v2.0 UPDATE

I have just published Clip Bot v2.0 on GitHub but have not yet written updated documentation or shot a new video. I will try to update these soon!

v2.0 significantly adds and improves on the functionality/versatility of v1.0.

Inspiration

I was inspired to create an agent-assisted automation because I feel like this category of automation often gets left by the wayside in developers' rush to create "fully automated" robotics programs. I think agent-assisted automation can be very useful/powerful, and wanted to show that here.

I settled on the concept of Clip Bot (A) because I find the concept of a clipboard manager to be very useful in my own day-to-day computer usage and (B) because I was intrigued by the "Monitor" activity and wanted to learn more about how to use it.

What it does

The Clip Bot is an agent-assisted automation component allowing users to copy items (text, images, files) to and from a multi-item "clipboard" while assigning a unique shortcut to each item for quick and dynamic pasting of multiple items (much like a clipboard manager). Alternatively, the user may choose/pre-load a set of items to the robot's "clipboard" at the start of the process, allowing the user to quickly paste any desired items from that set using pre-defined shortcuts.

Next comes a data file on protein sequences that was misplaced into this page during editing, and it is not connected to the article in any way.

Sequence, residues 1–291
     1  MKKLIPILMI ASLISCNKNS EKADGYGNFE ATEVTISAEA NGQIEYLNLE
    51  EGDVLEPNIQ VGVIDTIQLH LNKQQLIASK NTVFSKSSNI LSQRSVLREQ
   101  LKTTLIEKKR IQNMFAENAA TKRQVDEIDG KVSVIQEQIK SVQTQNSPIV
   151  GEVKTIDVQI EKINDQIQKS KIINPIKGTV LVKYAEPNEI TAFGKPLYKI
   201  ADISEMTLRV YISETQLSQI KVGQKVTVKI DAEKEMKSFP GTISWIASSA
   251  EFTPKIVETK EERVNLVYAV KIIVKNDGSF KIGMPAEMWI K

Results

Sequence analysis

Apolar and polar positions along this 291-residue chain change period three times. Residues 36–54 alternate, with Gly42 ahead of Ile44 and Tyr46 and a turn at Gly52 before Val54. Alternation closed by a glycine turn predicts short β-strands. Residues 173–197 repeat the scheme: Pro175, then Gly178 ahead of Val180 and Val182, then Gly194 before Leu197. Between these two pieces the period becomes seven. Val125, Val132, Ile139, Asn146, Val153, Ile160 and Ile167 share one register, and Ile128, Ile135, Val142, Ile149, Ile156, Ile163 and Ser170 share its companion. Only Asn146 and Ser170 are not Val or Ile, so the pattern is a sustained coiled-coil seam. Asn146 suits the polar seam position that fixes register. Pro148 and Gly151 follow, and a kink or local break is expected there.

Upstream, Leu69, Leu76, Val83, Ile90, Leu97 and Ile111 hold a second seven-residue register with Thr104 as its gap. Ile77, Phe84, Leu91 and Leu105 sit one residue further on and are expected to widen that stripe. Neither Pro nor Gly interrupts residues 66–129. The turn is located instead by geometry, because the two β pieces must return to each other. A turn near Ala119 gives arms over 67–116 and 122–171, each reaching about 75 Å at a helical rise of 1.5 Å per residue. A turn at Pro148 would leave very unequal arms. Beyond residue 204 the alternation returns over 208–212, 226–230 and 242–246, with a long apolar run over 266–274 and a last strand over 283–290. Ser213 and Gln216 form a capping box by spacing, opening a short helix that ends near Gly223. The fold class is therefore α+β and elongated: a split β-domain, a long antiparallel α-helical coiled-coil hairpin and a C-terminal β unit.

See included "Instructions" file for full details on how to use the robot.

How I built it

The Clip Bot is composed entirely of default UIPath activities and workflows. A couple "Invoke Method" activities were necessary to set non-text items (images and files) to the clipboard, but the rest of the workflow consists of common activities that most UIPath users should quickly be able to recognize and modify as needed for their own processes.

Challenges I ran into

Possibly the biggest challenge I ran into was figuring out how to prevent the robot from sending the same command multiple times. The robot runs on a tight loop that contains a "Monitor" activity on any user keyboard input. An example of the issue I would run into was that the loop would go by so quickly that the robot would paste an item from the "clipboard" two or three times rather than just once in a single press of the assigned shortcut keys. My solution to this was a couple of "Do While" loops the user will notice in my workflow that do nothing but wait for the most-recently pressed key to be released before allowing the workflow to continue.

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